(d) Based on the Pasuk in Ki Seitzei "Ve'nishmarta mi'Kol Davar Ra" (which incorporates the prohibition of looking at beautiful women [and even ugly women, if they are married]), the problem we have with the two above episodes is - how the Tana'im could look at the women concerned in the first place.

(e) We answer - that the women appeared from around the corner, and they came into view before the Ta'aim had a chance to turn away.




(a) Chazal also forbid looking at the colored clothes of a woman. Based on the same Pasuk they also forbade watching animals breeding (even if one was covered with eyes like the Mal'ach ha'Ma'ves [see Iyun Ya'akov])?

(b) When a person is on his deathbed, the Mal'ach ha'Ma'ves (who is full of eyes) - is standing at the head of his bed, holding a drawn sword (with a drop of poison on the tip).

(c) When the dying man sees him - he shudders and opens his mouth, upon which he tosses in the poison.

(d) The Mal'ach ha'Ma'ves' poison has the triple effect - of killing the person, causing his body to become putrid and his face to turn yellow.

(a) Rav Yehudah Amar Shmuel - forbids looking at the colored clothes of a woman even when they are hanging on the wall (or on the washing-line).

(b) Rava proves a ruling of Rav Papa from the Beraisa 've'Lo be'Bigdei Tzeva shel Ishah' - implying that the prohibition only applies if one actually knows the woman (and seeing her clothes is likely to arouse thoughts of her); otherwise the Tana should have simply said 've'Lo be'Vigdei Tziv'onin'.

(a) Rav Chisda also permits looking at new women's clothes that the owner has not worn before - and this prohibition is confined to colored clothes which are particularly pretty and less common, but does not pertain to plain, white clothes.

(b) We refute Rav Chisda's proof from a tailor who fixes women's dresses (and who is bound to look at the article of clothing that he is repairing) - on the grounds that a tailor is different, because he is too immersed in his work to be concerned with other thoughts.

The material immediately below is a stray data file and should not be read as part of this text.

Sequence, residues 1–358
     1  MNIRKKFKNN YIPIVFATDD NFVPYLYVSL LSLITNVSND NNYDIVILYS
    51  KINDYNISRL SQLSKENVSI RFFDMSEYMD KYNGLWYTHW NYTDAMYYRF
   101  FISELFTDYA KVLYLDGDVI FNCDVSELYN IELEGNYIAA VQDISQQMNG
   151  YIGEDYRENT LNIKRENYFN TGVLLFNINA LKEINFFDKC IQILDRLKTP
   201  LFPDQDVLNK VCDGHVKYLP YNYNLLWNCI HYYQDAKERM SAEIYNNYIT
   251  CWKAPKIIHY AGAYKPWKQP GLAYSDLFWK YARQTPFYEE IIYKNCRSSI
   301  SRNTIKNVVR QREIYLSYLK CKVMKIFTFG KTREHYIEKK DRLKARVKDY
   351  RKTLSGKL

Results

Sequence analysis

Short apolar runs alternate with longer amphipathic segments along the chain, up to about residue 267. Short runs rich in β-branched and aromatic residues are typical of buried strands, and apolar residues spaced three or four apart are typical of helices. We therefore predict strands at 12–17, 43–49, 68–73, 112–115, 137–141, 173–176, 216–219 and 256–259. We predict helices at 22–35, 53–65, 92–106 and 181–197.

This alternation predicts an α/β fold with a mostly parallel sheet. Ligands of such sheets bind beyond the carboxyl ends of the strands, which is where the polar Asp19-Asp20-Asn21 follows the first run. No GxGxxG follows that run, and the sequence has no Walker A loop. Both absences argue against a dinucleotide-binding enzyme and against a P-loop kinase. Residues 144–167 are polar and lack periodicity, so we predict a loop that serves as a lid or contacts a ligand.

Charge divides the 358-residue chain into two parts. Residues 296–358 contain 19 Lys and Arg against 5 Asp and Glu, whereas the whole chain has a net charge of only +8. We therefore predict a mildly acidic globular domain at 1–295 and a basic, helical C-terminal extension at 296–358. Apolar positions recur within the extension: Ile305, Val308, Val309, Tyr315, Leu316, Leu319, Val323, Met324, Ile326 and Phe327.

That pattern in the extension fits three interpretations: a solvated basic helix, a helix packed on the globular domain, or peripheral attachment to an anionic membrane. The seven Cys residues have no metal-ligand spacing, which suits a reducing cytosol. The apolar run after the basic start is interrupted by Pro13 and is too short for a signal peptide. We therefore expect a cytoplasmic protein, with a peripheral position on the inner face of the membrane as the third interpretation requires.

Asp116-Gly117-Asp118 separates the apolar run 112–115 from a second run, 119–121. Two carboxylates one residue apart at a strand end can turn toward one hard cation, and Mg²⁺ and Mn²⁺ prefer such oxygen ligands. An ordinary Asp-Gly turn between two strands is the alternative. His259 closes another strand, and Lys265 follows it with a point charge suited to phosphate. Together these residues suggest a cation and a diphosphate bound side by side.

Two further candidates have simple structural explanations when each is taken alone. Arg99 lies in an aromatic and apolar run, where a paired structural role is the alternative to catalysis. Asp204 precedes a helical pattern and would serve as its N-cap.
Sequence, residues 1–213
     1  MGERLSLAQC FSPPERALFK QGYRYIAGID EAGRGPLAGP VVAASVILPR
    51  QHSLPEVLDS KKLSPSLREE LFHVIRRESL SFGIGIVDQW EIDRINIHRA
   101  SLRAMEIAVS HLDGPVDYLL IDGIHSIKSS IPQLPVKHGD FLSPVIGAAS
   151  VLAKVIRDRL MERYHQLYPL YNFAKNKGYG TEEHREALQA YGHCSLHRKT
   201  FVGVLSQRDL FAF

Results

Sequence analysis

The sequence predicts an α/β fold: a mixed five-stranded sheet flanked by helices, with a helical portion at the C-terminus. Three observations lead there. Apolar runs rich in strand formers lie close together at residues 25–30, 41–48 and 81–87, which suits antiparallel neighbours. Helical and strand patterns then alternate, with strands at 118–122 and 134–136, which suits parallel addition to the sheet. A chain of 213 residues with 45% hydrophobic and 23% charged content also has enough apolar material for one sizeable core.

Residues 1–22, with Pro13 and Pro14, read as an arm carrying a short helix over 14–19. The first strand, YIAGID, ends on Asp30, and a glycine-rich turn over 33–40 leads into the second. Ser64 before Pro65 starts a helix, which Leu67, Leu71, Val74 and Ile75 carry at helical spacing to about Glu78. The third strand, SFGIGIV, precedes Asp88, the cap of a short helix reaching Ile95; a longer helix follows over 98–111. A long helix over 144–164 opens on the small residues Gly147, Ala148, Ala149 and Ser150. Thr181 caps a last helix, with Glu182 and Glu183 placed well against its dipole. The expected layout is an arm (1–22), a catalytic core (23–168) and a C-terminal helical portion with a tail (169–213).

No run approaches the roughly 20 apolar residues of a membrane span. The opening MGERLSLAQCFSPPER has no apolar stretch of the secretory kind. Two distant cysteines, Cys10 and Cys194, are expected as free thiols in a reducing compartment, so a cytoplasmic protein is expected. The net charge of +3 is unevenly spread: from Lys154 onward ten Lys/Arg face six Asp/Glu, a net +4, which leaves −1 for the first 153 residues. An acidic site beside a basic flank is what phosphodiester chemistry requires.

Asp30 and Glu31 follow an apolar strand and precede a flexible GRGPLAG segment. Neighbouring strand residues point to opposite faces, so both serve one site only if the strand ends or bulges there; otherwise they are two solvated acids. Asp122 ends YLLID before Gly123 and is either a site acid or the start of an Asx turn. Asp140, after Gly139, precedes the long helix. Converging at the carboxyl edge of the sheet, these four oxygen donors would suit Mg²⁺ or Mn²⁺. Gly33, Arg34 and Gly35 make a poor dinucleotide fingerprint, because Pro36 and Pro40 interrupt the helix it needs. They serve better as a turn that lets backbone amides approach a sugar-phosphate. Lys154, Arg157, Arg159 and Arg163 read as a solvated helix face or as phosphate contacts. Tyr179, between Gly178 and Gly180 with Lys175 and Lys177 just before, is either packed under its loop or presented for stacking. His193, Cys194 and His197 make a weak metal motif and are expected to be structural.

(c) We prove this from a statement of Rav Yehudah - who permits an animal farmer to positively assist two animals to breed, even though he needs to watch what he is doing, precisely because he is involved in his work, and is too busy to become involved in forbidden thoughts.

(a) The Mal'ach ha'Ma'ves told Shmuel's father - that were it not for the aspect of human dignity, he would slit the dying person's throat like that of animal.

(b) We reconcile this statement with what we just learned (that it is the Mal'ach ha'Ma'ves poison that kills a person - by attributing what he told Shmuel's father he would do to the drop of poison on his sword (and not to the sword itself).

(c) The Beraisa which attributes the putrid smell of a corpse to the drop of poison from the Mal'ach ha'Ma'ves' sword, supports a statement by Rebbi Chanina bar Kahana, who advises someone who wants to prevent his dead relative's corpse from smelling - to turn him face downwards after his death (so that the poison should run from his mouth).